baroclinic model A model of atmospheric circulation that, in contrast with barotropic models, does not constrain constant-pressure surfaces to coincide with constant-density surfaces. basal sliding (basal slip) The movement or speed of movement of a glacier on its bed.
Baroclinic Zone - A region in which a temperature gradient exists on a constant pressure surface. Baroclinic zones are favored areas for strengthening and weakening systems; barotropic systems, on the other hand, do not exhibit significant changes in intensity.
Baroclinic - A state of the atmosphere in which isotherms intersect isobars. The geostrophic wind results in temperature advection, and hence disturbances modify with time. Short waves are baroclinic and therefore modify.
BAROCLINICITY- A cold air advection/warm air advection couplet that increases atmospheric instability. On analysis and forecast charts it is the isotherms crossing the height contours. ...
Has vertical structure, in the form of variable density, temperature and winds.
~ ZONE - A region where there is a large horizontal change in temperature, humidity, and or pressure, such as across a frontal zone.
Fronts - ~ divisions in the atmosphere. Zones between air masses where temperature changes quite rapidly with horizontal distance.
Cold Front - a front where the colder air is advancing and the warm air is retreating ...
~ leaf shieldA cloud pattern on satellite images - frequently noted in advance of formation of a low pressure center.~ ZoneA region in which a temperature gradient exists on a constant pressure surface.
The structure typically is most pronounced on the leading edge of the updraft, while drier air from the rear flank downdraft often erodes the clouds on the trailing side of the updraft.
~ Zone- A region in which a temperature gradient exists on a constant pressure surface.
An example is a ~ pattern. BAROGRAPH An instrument that continuously records a barometer's reading of atmospheric pressure. For an example, see aneroid barometer. BAROMETER An instrument used to measure atmospheric pressure.
(See Helmholtz instability, inertial instability, shearing instability, ~ instability, barotropic instability, rotational instability.) The space scale of unstable waves is important in meteorology: Thus Helmholtz, ~, and barotropic instability give, in general, ...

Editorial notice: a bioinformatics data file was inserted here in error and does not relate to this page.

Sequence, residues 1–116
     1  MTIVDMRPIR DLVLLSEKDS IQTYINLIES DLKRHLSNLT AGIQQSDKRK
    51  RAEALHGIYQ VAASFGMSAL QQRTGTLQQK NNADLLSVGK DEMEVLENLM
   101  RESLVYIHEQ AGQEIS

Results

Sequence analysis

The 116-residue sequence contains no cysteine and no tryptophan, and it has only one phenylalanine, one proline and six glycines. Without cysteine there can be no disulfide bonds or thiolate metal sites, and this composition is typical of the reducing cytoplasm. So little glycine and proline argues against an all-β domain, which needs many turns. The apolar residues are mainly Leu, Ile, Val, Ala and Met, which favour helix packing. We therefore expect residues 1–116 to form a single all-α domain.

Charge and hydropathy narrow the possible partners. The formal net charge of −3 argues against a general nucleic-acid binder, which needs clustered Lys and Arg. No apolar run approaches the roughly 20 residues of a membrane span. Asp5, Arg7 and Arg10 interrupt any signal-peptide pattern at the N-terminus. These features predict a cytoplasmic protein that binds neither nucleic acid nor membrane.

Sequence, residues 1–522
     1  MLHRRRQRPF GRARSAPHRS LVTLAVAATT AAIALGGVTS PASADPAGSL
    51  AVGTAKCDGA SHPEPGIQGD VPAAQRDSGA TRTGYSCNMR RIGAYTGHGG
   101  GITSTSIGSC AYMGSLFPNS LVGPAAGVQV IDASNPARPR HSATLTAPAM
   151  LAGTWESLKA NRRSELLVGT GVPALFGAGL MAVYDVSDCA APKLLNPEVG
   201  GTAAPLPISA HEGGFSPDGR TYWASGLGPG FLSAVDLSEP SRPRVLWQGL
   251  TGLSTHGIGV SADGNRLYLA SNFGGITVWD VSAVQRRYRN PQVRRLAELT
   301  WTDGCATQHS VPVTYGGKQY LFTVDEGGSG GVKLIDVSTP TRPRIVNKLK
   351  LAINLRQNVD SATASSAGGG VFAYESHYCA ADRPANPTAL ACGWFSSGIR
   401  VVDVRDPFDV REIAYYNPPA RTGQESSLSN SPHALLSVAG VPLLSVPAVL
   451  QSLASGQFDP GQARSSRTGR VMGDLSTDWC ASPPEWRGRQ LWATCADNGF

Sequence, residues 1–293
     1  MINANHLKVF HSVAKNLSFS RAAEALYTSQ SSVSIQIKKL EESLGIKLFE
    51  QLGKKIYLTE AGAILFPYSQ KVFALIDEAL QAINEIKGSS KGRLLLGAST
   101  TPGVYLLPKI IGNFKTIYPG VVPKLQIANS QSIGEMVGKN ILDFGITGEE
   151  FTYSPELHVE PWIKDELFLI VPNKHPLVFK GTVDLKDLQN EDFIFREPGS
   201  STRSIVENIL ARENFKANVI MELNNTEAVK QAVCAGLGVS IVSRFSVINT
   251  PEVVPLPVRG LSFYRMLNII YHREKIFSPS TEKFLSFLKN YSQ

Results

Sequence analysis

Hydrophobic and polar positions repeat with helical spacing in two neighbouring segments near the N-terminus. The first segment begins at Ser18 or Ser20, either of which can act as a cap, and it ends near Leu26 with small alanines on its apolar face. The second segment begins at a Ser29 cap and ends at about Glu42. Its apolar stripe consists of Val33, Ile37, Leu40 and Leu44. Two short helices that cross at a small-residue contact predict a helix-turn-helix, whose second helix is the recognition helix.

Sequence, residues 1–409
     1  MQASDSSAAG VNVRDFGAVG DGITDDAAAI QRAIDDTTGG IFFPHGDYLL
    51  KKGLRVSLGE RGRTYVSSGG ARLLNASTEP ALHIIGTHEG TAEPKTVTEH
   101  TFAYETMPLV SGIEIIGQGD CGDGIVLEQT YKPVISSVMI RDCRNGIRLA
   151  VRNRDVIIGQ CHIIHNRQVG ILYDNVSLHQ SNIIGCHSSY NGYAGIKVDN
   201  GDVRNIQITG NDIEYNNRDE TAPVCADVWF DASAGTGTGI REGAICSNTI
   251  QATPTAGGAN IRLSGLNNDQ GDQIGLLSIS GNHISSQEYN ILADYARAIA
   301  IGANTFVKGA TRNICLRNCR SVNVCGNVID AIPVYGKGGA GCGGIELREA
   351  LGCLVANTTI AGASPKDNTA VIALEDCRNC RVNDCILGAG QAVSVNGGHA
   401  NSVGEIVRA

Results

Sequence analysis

Although it is regarded as a 'single' ribbon of strength encircling the hemispheres, in reality the jet is broken and in developmental situations, can become very distorted with new jets re-forming at different levels from the 'main' ~ jet.
The deepening extratropical low accelerated as it moved southeastward along the northern side of the strengthening ~ zone and by 0000 UTC 20 May was located near 19.0°S, 101.2°E approximately 1500 km northwest of Shark Bay.
On March 12, 1993, a newly formed cyclone moved into a low level ~ zone already in place over the Gulf of Mexico and began to rapidly intensify.
The term implies both poleward displacement of the cyclone and the conversion of the cyclone's primary energy source from the release of latent heat of condensation to ~ (the temperature contrast between warm and cold air masses) processes.
~ity. In a barotropic atmosphere the geostrophic wind is independent of height. The name stems from the fact that this wind flows around areas of low (and high) temperature in the same manner as the geostrophic wind flows around areas of low (and hight) pressure.
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Browse Related Terms: ~ leaf shield, Collar Cloud, Eye Wall, Rain-free Base, Rope Cloud
Warm Advection - permalink - collapse
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Thickness charts in general and the 1000-500 hPa thinkness charts in particular are also very useful for determining ~ zones and development. Thickness lines can also indicate the steering direction of surface highs and lows.
The state of stratification in a fluid in which surfaces of constant pressure intersect surfaces of constant density. Also known as ~ity. An example is the tight temperature gradient along the East Coast of the United States during the winter that gives rise to intense cyclogenesis.
cyclone is maintained by the extraction of heat energy from the ocean at high temperatures and heat export at the low temperatures of the upper troposphere. In this they differ from extratropical cyclones, which derive their energy from horizontal temperature contrasts in the atmosphere (~ ...
with upright convection, sufficient energies are frequently present to support the formation and maintenance of thunderstorm cells. There is growing evidence supporting the role CSI plays in the development of some types of thunderstorms, particularly those occurring within strongly ~ ...
See also: What is the meaning of Pressure, Wind, Cyclone, High, Air?